When Greek women organized their own Olympic Games

A bronze sculpture of a female athlete from c. 560 BC. Credit: Caeciliusinhorto / Wikimedia Commons / CC BY-SA 4.0

The Olympic Games are the most spectacular and historic sporting event in the world. The Games regularly bring together more than a hundred countries in 35 different sports and 400 events.

The modern Olympic Games evolved from the ancient Games which were held from the 8th century BC. The Games were held in ancient Greece where they originated in Olympia. They take their name from this site. This first iteration of the competition was reserved exclusively for men to show off their strength, skills and endurance.

But the texts of the ancient Greek geographer Pausanias describe Olympic Games organized in the 2nd century AD exclusively for women: the Herean Games.

The History of Herean Games

Temple of Olympia Hera
The ruins of the Temple of Hera at Olympia. Credit: Ingo Mehling / Wikimedia Commons / CC BY-SA 3.0

There are very few historical records of the Herean Games, but they are believed to have taken place right after the traditional Olympics around 776 BC. Both versions of the games took place in the stadium of Olympia.

The Herean Games, named for the Greek goddess Hera, were held every four years. The games, which were associated with teenagers, were seen as a rite of passage into adulthood for women.

Grecian Delight supports Greece

The competition initially only included racing sports. The Heraen Games did not include combat sports, which of course made up a large part of the men’s games. The Heraean Games included:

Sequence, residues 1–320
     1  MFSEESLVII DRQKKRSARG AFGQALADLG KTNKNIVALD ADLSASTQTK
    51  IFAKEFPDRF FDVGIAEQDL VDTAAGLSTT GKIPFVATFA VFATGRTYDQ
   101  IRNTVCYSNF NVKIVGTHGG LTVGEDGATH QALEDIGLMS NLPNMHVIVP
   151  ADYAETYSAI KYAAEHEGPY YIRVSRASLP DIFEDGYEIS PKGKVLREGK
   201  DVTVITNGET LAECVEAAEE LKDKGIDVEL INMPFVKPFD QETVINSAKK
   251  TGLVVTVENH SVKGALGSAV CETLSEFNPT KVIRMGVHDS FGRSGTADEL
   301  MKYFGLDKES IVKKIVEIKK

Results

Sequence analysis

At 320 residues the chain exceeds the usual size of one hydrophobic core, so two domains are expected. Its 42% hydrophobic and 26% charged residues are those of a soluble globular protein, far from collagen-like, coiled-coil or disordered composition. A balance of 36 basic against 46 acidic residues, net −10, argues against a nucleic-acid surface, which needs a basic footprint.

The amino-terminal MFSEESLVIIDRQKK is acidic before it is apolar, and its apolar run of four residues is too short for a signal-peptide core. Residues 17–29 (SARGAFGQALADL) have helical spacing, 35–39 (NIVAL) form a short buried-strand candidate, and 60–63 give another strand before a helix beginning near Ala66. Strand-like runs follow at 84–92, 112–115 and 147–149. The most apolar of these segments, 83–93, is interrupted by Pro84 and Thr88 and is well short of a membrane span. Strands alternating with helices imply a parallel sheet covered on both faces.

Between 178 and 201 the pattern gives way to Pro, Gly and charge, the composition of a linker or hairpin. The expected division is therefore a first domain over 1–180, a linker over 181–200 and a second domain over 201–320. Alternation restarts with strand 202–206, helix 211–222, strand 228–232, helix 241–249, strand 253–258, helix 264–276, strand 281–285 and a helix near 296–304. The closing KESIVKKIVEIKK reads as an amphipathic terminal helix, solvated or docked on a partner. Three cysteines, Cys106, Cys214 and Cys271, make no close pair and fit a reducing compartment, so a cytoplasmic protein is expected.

• Stadium : a sprint competition on the stadium running track (177 meters)
  • Diaulos: two consecutive sprint races on the stadium track (354 meters)
  • Hippies: four consecutive runs over the full length of the stadium (708 meters)
  • Dolichos: an endurance race of 18 to 24 laps around the stadium (approximately 3 miles)

The winners of each race were crowned with a wreath of olive leaves and animals were sacrificed in the name of Hera. The Greeks believed that the victors would be endowed with strength by eating the meat of animal sacrifices.

The winners were also given the opportunity to dedicate portraits and statues to Hera, and they would commemorate their athletic achievements by inscribing their names on the columns of Hera’s temple.

Women at the Heraean Games competed wearing a chitona kind of dress worn by the ancient Greeks, while men went through their competitions completely naked.

Both men’s and women’s games were discontinued in 393 AD when Roman Emperor Theodosius banned Panhellenic games and other religious festivals celebrated in ancient Greece.

The Legend of Cynisca and Spartan Women’s Athletics

Spartan women were not required to wear long dresses, a common custom in most of Greece. This quality of Spartan women’s fashion was seen as emblematic of the freedom, strength, and agility that Spartan women were known for.

Spartan society firmly believed that athletic women gave birth to strong children. Thus, Spartan women were allowed to ride horses and travel as they pleased, as well as hunt and wear short dresses.

One would assume that the majority of participants in the Herean Games were Spartan women.

Cynisca, the daughter of Archidamus II, King of Sparta, the first woman winner in the history of the Olympic Games. She owned a chariot that won the chariot race at the Games. Credit: Sophie de Renneville / Wikimedia Commons / Public Domain

In fact, Cynisca, the daughter of Archidamus II, King of Sparta, was the first woman in history to win the Men’s Olympic Games.

Cynisca won the four-horse chariot races in 396 and 392 BC, as she was the owner of the chariot that won the race at those Olympics. She was honored by having a bronze statue of her, her chariot and her horses displayed in the Temple of Zeus at Olympia.

The inscription on the statue reads:

Kings of Sparta who are my father and my brothers
Kyniska, victorious with a chariot of swift-footed horses,
erected this statue. I declare myself the only woman
throughout Hellas for winning this crown.
Apelleas son of Kallikles did.

Ancient Greek translation:

Σπάρτας μὲν βασιλῆες ἐμοὶ: πατέρες καὶ ἀδελφοί, ἅρματι δ’ὠκυπόδων ἵππων: νικῶσα Κυνίσκα εἰκόνα τάνδ “ἔστασεν μόναν: δ’ἐμέ φαμι γυναικῶν Ἑλλάδος ἐκ πάσας τόν [-]: δε λαβεν στέφανον. Ἀπελλέας Καλλικλέος ἐπόησε.


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